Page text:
Jarosi Part of Team Awarded NSF Grant
Associate Professor of Art History Susan Jarosi is the co-principal investigator of a four-person team recently awarded a National Science Foundation Research Coordination Networks in Undergraduate Biology Education (RCN-UBE) Incubator grant to fund a project titled “Creating a More Inclusive Biology Curriculum.”
With the goal of making biology education more inclusive for all students, the project addresses systemic gender inequities in biology education that are reinforced through representations of sex and gender in the biology curriculum.
“Our collaborative project assembles an interdisciplinary network of 17 researchers, from 15 institutions, who will contribute their diverse expertise — in gender and sexuality studies, endocrinology, ecology, feminist science studies, evolutionary biology, genetics, LGBT education, immunology, and neuroscience,” said Jarosi.
She noted that “the network will be one of the first efforts in biology to expand education research specifically into curriculum reform with the aim of increasing inclusion, particularly for gender inclusion that encompasses gender diverse students.”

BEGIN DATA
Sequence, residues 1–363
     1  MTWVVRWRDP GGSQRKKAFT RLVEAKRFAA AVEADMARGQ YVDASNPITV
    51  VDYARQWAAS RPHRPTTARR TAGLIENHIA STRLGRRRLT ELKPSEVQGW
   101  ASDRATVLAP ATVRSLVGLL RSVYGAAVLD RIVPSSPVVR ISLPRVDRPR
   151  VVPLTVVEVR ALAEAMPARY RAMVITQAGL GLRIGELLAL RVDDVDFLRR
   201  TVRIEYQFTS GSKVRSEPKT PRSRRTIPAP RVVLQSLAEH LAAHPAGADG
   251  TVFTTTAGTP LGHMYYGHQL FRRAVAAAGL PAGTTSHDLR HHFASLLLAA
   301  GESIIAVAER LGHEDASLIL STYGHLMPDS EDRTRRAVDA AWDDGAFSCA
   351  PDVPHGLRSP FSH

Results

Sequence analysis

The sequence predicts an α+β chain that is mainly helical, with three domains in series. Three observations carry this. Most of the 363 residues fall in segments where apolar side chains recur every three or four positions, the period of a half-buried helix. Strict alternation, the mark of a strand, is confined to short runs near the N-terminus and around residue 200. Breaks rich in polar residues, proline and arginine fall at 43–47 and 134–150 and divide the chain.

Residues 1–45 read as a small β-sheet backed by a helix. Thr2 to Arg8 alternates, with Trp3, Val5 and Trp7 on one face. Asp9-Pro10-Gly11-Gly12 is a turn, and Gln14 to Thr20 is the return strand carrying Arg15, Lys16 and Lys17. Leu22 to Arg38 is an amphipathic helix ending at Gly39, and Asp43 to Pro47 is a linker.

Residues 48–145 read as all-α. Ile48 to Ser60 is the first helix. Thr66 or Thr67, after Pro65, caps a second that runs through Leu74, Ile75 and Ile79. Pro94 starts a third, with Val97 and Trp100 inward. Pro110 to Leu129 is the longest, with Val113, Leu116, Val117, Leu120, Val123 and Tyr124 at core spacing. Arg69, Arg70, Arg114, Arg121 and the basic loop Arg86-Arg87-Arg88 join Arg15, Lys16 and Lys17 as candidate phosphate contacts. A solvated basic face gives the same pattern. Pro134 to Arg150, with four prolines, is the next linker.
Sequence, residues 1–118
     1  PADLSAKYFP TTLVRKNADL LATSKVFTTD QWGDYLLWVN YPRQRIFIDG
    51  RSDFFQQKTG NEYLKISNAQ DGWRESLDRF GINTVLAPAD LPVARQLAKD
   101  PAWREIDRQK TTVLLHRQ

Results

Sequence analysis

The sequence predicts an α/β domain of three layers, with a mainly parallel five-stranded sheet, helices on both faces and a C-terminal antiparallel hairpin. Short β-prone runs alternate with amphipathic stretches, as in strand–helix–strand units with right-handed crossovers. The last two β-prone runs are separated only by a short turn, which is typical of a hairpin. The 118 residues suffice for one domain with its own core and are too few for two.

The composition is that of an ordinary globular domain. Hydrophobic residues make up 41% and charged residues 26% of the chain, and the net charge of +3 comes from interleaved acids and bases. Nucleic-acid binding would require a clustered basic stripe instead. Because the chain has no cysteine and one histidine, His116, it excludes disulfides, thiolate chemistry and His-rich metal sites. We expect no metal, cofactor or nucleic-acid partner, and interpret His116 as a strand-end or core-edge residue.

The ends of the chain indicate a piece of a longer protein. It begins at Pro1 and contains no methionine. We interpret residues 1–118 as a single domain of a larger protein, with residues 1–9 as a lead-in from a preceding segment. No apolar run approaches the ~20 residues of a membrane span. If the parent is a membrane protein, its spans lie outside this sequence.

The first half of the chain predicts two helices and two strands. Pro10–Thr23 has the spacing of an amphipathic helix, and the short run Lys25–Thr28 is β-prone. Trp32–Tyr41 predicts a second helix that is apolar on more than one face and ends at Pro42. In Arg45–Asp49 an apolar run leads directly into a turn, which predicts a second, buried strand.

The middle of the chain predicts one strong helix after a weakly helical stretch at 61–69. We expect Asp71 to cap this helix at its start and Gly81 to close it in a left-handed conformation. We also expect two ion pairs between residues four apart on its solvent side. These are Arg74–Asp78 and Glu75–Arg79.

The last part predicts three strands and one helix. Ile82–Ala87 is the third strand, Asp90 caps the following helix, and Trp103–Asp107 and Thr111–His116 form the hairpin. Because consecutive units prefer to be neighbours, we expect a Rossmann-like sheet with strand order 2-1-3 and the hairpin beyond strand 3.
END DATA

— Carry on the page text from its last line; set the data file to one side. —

As an art historian, Jarosi may seem like an unusual principal investigator for an NSF-funded biology project. She was invited to be a member of the steering committee based on her expertise in the visual representation of gender. Her responsibilities on the research team will assess how visual images in biology textbooks participate in reinforcing gender essentialism and binary constructions of gender. Assistant Professor of Biology Rhea Datta ws also invited to take part in this research network.
Work on the year-long grant will begin this winter, with three primary endeavors: identifying content in biology courses that perpetuates gender essentialist beliefs, collecting existing resources for developing curricula that do not reinforce gender essentialism, and determining directions for future work and developing guidelines to help instructors create and assess the effectiveness of curricula for teaching these topics. The group’s work will be available through Open Science Network.
Other members of the steering committee are from Florida International University and Colorado State University.